Costa Blanca Via Ferratas
Throughout the Costa Blanca’s coastal and inland regions there are numerous canyons, cliffs and mountains that provide perfect rock climbing opportunities, and scaling the Costa Blanca Via Ferratas is an excellent way for novice climbers to practice this popular sport. First conceived in Italy’s Dolomite mountain ranges during the first World War, Via Ferrata which is Italian for ‘iron way’ came about when, due to the cumbersome weigh of their military equipment, Italian and Austrian army troops engaged in battle were struggling terribly on the steep mountain climbs. This led to forwarding troops being sent out to construct ladders, handholds, wire cables and bridges which today have been adapted to recreational climbing and are known as Via Ferratas.
Costa Blanca Via Ferratas
Due to their increasing popularity, Via Ferratas are now found worldwide and Spain’s Costa Blanca boasts a number of climbs of varying difficulty. As I mentioned earlier, these are a great way for budding rock climbers to gain strength and confidence in their climbing abilities. The mainstay of a Via Ferrata is a steel cable that runs along the climbing route and is fixed to the rock face at varying intervals enabling climbers to secure themselves as they climb. In addition to the cable there are carved hand and foot holds, metal rungs (stemples), fixed ladders and makeshift bridges. Many are suitable for novices, but some should not be tackled without experience and or a qualified guide.
Monte Ponoch – Located near the picturesque mountain town of Polop, less than a 30 minute drive from Benidorm, this is the longest climb in the Province of Alicante. The height of Monte Ponoch is 1186 metres and the route starts about half way up. Comprising several long sections that also involve an overhang, the route finishes at around 770 metres and due to the overhang and two 30 metre abseils on the decent, some level of rock climbing experience is advisable.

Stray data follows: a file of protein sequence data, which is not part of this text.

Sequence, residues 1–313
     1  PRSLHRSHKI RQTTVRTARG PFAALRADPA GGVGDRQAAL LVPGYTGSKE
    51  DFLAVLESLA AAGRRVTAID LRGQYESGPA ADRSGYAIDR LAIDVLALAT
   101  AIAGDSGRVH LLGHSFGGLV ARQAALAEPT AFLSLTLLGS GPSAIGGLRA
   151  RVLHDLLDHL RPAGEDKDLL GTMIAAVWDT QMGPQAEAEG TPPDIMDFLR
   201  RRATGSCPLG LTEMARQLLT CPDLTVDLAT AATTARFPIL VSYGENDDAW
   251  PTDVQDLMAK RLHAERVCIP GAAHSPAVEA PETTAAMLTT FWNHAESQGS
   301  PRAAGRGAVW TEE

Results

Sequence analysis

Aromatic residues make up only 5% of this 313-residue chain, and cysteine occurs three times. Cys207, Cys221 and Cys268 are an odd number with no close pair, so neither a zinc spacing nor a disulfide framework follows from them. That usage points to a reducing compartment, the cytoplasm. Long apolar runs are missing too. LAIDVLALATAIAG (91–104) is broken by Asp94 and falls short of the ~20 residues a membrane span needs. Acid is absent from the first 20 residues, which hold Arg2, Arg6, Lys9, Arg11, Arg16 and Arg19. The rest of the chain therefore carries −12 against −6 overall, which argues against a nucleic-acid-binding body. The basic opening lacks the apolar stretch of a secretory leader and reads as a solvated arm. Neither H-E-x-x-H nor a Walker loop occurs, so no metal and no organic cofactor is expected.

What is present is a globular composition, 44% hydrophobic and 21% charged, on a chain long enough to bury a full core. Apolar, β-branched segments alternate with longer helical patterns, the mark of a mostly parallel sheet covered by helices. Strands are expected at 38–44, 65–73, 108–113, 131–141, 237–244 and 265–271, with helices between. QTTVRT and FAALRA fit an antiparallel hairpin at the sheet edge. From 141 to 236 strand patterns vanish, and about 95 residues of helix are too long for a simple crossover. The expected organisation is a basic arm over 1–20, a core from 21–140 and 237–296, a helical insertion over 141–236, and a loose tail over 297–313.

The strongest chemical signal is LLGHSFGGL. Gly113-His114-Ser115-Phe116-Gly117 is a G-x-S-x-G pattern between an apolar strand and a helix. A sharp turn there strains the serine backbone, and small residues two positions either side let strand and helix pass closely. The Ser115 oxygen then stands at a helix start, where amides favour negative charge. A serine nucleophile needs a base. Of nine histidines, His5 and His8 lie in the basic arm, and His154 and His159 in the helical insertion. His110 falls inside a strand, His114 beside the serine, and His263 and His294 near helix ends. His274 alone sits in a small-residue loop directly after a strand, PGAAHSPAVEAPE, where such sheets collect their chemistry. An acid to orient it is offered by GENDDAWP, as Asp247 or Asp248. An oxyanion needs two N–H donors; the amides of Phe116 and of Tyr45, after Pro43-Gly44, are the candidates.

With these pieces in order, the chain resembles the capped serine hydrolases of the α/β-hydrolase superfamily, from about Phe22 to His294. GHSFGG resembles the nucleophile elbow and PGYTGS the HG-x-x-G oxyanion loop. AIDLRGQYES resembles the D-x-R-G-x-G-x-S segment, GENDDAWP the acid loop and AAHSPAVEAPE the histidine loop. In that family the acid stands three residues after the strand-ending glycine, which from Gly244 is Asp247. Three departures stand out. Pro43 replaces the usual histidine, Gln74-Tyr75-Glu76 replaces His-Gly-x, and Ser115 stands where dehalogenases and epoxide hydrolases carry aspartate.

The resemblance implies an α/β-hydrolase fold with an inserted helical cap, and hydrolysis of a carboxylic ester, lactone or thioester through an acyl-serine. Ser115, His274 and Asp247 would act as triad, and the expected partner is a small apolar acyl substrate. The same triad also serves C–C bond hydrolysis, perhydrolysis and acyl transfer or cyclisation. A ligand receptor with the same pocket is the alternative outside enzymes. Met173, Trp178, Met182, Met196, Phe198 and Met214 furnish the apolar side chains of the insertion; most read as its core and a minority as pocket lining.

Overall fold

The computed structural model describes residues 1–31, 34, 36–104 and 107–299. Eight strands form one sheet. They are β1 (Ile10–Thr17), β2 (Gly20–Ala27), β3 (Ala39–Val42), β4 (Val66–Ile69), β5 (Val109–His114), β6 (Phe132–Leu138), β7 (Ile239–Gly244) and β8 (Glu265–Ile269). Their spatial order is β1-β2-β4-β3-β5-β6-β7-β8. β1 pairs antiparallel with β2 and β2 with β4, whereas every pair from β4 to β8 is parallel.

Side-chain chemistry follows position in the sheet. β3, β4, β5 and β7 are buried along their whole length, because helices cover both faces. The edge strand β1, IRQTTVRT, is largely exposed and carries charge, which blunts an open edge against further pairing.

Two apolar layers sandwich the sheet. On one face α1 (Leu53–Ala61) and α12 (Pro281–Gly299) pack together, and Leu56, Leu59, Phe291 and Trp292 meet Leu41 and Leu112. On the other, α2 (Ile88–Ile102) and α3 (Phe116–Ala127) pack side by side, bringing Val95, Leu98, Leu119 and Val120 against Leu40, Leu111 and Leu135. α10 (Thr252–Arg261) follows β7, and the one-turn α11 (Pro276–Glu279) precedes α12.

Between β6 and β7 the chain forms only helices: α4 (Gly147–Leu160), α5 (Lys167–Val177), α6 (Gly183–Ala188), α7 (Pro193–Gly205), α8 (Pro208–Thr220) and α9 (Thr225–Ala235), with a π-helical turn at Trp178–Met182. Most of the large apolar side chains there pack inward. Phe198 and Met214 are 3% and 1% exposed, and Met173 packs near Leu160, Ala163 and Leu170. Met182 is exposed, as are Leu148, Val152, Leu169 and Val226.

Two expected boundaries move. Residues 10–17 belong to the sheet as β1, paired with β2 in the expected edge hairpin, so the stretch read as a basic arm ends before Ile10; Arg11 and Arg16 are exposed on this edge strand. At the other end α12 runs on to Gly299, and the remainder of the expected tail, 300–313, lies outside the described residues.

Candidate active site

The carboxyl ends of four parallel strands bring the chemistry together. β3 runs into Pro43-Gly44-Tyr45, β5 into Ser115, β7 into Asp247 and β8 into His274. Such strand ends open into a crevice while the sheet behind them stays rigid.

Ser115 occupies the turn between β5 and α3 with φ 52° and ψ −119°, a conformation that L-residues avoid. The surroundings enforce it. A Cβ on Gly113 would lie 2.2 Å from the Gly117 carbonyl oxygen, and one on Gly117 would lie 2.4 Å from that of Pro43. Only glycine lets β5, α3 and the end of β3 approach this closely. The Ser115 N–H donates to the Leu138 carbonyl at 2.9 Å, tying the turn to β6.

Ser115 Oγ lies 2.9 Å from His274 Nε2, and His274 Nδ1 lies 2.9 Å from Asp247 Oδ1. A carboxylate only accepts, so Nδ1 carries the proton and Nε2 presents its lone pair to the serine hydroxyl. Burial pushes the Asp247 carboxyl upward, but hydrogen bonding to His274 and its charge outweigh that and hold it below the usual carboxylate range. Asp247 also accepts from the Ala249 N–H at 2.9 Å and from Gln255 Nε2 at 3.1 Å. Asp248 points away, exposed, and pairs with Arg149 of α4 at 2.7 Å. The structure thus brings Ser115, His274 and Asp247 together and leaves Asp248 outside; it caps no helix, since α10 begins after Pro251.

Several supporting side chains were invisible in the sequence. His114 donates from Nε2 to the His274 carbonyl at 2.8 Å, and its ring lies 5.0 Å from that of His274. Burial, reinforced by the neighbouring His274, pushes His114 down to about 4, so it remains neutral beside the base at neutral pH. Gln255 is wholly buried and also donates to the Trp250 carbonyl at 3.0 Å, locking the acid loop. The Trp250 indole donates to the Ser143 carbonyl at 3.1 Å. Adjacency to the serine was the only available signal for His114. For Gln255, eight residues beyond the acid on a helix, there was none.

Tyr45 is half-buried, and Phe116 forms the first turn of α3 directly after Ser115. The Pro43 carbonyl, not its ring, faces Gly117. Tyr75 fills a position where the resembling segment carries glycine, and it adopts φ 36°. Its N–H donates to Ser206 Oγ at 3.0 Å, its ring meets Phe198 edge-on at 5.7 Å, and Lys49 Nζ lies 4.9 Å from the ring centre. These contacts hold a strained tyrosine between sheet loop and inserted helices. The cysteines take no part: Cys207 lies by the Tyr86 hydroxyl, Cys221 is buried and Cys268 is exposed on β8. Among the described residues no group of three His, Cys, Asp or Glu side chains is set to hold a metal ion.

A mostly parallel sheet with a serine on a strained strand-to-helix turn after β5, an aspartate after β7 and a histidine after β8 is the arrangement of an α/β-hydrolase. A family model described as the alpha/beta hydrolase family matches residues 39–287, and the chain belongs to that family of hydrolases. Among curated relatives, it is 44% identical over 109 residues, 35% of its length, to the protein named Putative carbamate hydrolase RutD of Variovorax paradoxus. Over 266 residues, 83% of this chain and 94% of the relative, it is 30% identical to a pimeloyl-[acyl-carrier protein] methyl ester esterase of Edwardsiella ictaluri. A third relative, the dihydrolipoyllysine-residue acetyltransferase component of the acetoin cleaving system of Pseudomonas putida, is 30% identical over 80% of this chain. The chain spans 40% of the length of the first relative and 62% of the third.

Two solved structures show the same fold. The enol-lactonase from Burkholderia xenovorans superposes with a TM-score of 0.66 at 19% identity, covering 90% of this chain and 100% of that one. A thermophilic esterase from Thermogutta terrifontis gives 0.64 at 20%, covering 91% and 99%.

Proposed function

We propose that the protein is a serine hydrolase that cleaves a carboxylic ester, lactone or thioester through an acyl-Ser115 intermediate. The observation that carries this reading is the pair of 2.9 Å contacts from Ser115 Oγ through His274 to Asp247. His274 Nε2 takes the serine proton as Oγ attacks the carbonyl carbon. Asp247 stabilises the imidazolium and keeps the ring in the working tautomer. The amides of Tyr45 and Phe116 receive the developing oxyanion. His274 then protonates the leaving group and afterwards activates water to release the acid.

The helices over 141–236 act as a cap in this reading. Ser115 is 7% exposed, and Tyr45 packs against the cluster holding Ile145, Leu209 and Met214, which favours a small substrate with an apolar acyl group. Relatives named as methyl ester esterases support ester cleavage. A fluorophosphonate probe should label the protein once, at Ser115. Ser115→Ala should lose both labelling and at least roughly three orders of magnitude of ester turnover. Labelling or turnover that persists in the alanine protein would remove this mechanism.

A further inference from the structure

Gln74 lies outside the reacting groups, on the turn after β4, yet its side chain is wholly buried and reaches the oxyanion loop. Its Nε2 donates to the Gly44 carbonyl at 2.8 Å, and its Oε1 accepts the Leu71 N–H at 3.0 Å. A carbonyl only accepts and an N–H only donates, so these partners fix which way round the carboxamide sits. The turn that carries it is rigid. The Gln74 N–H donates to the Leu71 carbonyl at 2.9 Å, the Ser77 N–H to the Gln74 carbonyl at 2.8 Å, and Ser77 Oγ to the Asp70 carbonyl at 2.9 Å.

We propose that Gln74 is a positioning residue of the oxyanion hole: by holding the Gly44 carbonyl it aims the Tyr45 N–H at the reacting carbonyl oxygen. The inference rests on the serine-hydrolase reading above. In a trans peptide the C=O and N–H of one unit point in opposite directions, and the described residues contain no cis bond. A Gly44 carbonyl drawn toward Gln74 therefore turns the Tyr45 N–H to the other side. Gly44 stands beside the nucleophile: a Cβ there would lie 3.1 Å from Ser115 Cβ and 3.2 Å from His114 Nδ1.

Xorret de Cati – Located in Castalla, about an hour’s drive from Benidorm, this route is great for novices. The climb is only 50 metres and takes you up an unusual rock formation with regular cable bolts, stemples and one small overhang. Climbers can hook up to bolt rings to abseil down or use a short gully close to the summit for their descent.
L’Aventador – Of all the Costa Blanca Via Ferratas this is considered by many as the most difficult and therefore should only be attempted by experienced climbers. Located near the town of Xátiva, about 1.30 minutes from Benidorm, the route is both physically and technically challenging. There is no traverse during the 100 metre climb which has several overhangs and widely spaced stemples, making for tricky going in parts but rewarding climbers with fantastic views over the surrounding valley and Río Albaida.
Castillo de Salvatierra – Another great climb for beginners that offers beautiful views over the castle in Villena, about 1.20 minutes drive from Benidorm. Comprising of two parallel routes, two Tibetan wire bridges and several vertical climbs, this modern route offers a bit of everything and makes for good climbing practice before tackling more adventurous routes.
Penya del Figueret – Just outside the town of Relleu, this is one of the closer climbs to Benidorm at less than a 40 minute drive. A well planned route with a 90 metre climb, several vertical pitches and a traverse, climbers can choose a 25 metre abseil or around a 30 minute ridge scramble for their exit route.
These are just some of the Costa Blanca Via Ferratas, and anyone keen on taking up this sport or similar sports like hiking, rock climbing or canyoning should contact one of the reputable climbing clubs such as Costa Blanca Mountain Friends.